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July 31, 2012

Jury Rejects SEC Scapegoating

Last fall the SEC settled a massive derivatives fraud case with Citigroup for a puny amount that was so small that it was literally irrelevant to Citigroup.  It was so indefensibly egregious that Better Markets filed papers in the court seeking to stop the sweetheart settlement, which are available here and here.

But, per SEC practice of letting corporations and their senior executives off, it did charge a single mid-level employee for failure to disclose Citigroup’s fraud.  We viewed this as an abuse of government power.  The might and power of the US government, be it the SEC or others, should not be used to crush mid-level individuals while letting everyone else off. 

Not only is it wrong, it rewards and incentivizes law-breaking and crime by Wall Street and corporate America more broadly.  Wall Street, as we’ve shown and as is obvious to anyone reading the papers, is a high crime area, but the SEC simply refuses to be tough on corporations or their executives. Instead, it scapegoats minnows while letting the whales get away.

Today the jury in the SEC’s case against the mid-level employee rejected the SEC’s case.  Many will speculate why it did so, but we have little doubt that the jury wasn’t about to hold a single relatively junior employee liable for Citigroup’s conduct, which involved dozens if not hundreds of other employees, officers and executives.

Here’s our statement on the jury’s verdict:

Jury’s Verdict Shows SEC Should Stop Scapegoating Junior Employees and Go After Corporations and Executives Who Break the Law

Washington DC, July 31st, 2012- “The message from this jury’s verdict is clear:  until the SEC starts bringing cases against the real corporate wrongdoers and their executives, juries aren’t going to allow the SEC to scapegoat junior employees,” said Dennis Kelleher, President and CEO of Better Markets, an organization that promotes the public interest in the financial markets.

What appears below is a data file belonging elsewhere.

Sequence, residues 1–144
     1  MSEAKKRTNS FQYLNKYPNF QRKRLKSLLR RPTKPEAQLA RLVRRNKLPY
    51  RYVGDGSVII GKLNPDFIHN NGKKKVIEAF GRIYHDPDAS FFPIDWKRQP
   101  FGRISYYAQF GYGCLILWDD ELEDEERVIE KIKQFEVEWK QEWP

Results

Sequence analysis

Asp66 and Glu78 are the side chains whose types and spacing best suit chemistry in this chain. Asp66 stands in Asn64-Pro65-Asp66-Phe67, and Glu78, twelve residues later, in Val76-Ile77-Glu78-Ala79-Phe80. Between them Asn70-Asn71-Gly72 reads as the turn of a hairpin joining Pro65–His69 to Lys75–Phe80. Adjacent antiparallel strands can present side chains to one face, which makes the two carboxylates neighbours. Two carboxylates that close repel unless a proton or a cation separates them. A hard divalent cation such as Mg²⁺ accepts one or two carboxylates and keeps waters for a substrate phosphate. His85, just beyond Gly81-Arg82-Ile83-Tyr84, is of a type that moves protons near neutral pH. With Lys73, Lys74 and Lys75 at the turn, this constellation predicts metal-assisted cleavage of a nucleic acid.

“The SEC charged a single mid-level employee for all of Citigroup’s derivatives misconduct leading up to the financial crisis.  It did not charge any of the dozens if not hundreds of other involved employees, officers and executives.  The SEC also let the corporation, Citigroup, off by settling with it for a puny penalty that was so small as to be irrelevant to Citigroup,” said Mr. Kelleher.

“The jury obviously saw the unfairness in this highly selective enforcement of the law.  This shows that the SEC’s practice of letting corporations and executives off without any meaningful penalties is fundamentally flawed.  Mr. Stoker was one of dozens of Citigroup employees packaging and selling the $1 billion derivative, which Citigroup itself shorted and bet against.  The SEC’s practice of chasing minnows while letting the whales go must change if Wall Street’s pattern of breaking the law is to be stopped,” said Mr. Kelleher.

Better Markets objected to the paltry sweetheart settlement between the SEC and Citigroup in the Federal District Court last fall and will be filing its objections in the pending appeal of that settlement shortly.                                                                        



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